### 31 Responses

1. You say
“if you know the laws of nature, at least in the relevant regimes, then you know what kinds of objects are stable, and thus what kinds of objects one might expect to find in the universe. ”

Reality says:
“Until 1986, physicists had believed that BCS theory forbade superconductivity at temperatures above about 30 K. In that year, Bednorz and Müller discovered superconductivity in a lanthanum-based cuprate perovskite material, which had a transition temperature of 35 K (Nobel Prize in Physics, 1987).”

Shut up and experimentate…with apologies to David Mermin…

• Reality = wikipedia.

• Wow…that’s the best you can do?
That was easier than I thought…..

• If not wikipedia, then youtube?

• “There is more to physics than raw observation … Faced with questions like “what kind of thing could emit energy?”, a physicist would not answer “well, let me go check my 2015 Illustrated Field Guide to Energy Emitters”.”

Do you think Feynman would disagree? I’m not saying that science can be done without observation.

• Irrelevant. I was responding to

“if you know the laws of nature, at least in the relevant regimes, then you know what kinds of objects are stable, and thus what kinds of objects one might expect to find in the universe. ”

as is clear from where I placed my comment. Don’t change the subject.

• Again, there’s nothing there that Feynman would object to, because I’m not saying that science can dispense with observation. If *from observations* you’ve derived the relevant laws of nature, then there are conclusions that can be deduced. To think otherwise is to deny that we can do theoretical physics at all, something that Feynman would certainly disagree with.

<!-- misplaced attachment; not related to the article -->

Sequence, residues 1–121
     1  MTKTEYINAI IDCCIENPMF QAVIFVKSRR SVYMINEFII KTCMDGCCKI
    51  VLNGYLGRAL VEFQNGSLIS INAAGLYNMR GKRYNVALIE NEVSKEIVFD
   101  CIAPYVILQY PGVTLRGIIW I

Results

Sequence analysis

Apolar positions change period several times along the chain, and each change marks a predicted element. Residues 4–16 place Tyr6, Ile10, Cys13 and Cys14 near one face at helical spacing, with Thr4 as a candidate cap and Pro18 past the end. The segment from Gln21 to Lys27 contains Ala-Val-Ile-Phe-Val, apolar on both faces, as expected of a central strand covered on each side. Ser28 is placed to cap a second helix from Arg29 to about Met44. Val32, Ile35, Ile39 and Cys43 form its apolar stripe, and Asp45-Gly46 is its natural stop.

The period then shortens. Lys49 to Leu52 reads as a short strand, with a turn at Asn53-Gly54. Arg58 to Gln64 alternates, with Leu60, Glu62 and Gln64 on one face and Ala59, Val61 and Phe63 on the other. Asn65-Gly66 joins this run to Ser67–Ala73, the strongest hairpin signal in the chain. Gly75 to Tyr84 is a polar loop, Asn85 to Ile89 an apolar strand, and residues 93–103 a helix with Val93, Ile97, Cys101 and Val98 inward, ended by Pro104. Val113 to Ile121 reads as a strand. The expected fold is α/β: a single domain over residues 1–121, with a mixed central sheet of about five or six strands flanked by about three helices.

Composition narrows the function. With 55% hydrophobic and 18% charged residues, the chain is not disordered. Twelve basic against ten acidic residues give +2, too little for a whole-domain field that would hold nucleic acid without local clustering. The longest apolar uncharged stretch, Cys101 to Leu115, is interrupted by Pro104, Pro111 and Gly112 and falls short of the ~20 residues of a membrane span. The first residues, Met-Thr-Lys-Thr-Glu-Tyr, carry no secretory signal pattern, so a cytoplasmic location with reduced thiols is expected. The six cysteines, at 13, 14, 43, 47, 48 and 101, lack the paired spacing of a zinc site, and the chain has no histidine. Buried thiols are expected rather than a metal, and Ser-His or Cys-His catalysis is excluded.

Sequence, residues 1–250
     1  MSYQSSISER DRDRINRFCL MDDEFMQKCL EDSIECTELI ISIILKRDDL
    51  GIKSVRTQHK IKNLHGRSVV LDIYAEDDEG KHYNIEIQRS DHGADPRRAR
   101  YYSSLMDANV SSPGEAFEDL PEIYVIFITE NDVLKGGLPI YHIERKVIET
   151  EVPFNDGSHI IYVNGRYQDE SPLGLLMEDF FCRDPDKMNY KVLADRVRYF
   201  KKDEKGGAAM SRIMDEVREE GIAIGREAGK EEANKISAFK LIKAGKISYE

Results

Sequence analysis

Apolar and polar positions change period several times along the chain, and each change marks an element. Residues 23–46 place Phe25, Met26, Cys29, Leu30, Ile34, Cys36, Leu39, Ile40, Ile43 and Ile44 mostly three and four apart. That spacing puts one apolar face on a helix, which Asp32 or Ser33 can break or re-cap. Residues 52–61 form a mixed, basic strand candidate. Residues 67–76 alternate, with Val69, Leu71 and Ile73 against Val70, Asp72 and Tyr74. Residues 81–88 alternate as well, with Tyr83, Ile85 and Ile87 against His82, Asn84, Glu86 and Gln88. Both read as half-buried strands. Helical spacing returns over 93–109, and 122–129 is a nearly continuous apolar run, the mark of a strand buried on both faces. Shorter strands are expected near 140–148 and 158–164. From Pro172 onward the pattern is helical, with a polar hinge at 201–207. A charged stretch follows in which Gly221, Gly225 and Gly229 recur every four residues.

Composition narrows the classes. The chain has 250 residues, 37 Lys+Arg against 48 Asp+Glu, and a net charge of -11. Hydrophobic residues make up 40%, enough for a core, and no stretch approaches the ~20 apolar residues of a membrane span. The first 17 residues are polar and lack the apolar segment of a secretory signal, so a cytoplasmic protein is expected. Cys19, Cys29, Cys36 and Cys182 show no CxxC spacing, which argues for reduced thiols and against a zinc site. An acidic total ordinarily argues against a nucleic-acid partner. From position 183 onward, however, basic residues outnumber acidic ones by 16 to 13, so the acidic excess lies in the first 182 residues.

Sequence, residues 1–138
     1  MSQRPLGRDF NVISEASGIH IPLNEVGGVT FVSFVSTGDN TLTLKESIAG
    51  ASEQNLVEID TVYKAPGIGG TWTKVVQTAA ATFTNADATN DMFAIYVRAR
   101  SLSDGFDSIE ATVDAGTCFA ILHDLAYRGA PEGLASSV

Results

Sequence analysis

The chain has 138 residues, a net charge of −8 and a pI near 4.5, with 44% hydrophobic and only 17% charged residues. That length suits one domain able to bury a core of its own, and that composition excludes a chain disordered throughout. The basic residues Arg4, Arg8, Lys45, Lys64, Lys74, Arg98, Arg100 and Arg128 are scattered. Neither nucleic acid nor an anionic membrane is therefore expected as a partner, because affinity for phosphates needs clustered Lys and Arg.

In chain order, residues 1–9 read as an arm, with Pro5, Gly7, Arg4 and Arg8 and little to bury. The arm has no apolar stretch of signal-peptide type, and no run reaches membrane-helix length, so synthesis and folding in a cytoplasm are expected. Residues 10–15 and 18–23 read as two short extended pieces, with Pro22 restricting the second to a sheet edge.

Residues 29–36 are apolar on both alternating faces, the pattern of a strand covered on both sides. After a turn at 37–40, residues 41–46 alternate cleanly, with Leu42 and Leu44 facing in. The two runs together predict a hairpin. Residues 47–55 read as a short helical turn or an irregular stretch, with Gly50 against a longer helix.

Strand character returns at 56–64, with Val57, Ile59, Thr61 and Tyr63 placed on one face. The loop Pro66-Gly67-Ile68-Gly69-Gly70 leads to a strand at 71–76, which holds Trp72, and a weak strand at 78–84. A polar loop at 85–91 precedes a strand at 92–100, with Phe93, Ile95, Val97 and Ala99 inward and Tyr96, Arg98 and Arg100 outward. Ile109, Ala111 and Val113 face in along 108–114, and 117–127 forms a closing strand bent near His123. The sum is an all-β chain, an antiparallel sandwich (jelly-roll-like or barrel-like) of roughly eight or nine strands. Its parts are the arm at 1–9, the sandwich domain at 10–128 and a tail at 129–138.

If you want to see this kind of reasoning in action:

http://rsta.royalsocietypublishing.org/content/310/1512/323

• ” If *from observations* you’ve derived the relevant laws of nature, then there are conclusions that can be deduced. ”

You need to watch the WHOLE clip. Those “deductions” are still subject to empirical tests – can fail – and sometimes do. Hence example from wikipedia … wink…

• “To think otherwise is to deny that we can do theoretical physics at all, something that Feynman would certainly disagree with.”

Useless banality.

More on point – specific physical theories can be wrong. And what decides that is not the theory but the empirical facts. That was Feynman’s point.

• Theoretical physics could be wrong. How does that overturn anything I said in the post?

• My goodness, if you can’t see that the first comment I made was a classic case of claim vs counter-example I don’t know what else I can do!

To spell it out very explicitly specially for you

Claim:
“if you know the laws of nature, at least in the relevant regimes, then you know what kinds of objects are stable, and thus what kinds of objects one might expect to find in the universe. ”

Counter-example
“Until 1986, physicists had believed that BCS theory forbade superconductivity at temperatures above about 30 K. In that year, Bednorz and Müller discovered superconductivity in a lanthanum-based cuprate perovskite material, which had a transition temperature of 35 K (Nobel Prize in Physics, 1987).”

Object: superconducting material at higher than 30K

Perfect example of what Feyman was emphasizing.

• Primer: a counter-example DOES overturn a claim.

• 1. Wikipedia. Wikipedia without a citation.

2. It’s not a counter-example. My claim is a conditional.

I use it as a modus ponens.

A. If (we know the relevant laws) then (we can predict what kinds of physical systems are possible).
B. We know the relevant laws of astrophysics. (We know this because they are well tested by observation).
C. Thus, we can predict what kinds of astrophysical systems are possible.

This is not infallible, but nevertheless reasonable. E.g. http://www.amazon.com/Theoretical-Astrophysics-Volume-Astrophysical-Processes/dp/0521566320

You use it as a modus tollens.
A. As above.
B. We failed to predict that high-T semiconductors are possible.
C. Thus, we don’t know all the relevant laws of semiconductors.

Both deductions are valid. Both rely on observational data. Both would be perfectly fine by Feynman.

• You say

A. If (we know the relevant laws) then (we can predict what kinds of physical systems are possible).
B. We know the relevant laws of astrophysics. (We know this because they are well tested by observation).
C. Thus, we can predict what kinds of astrophysical systems are possible.

And Feynman adds, those predictions still need to be tested – can fail – and sometimes do…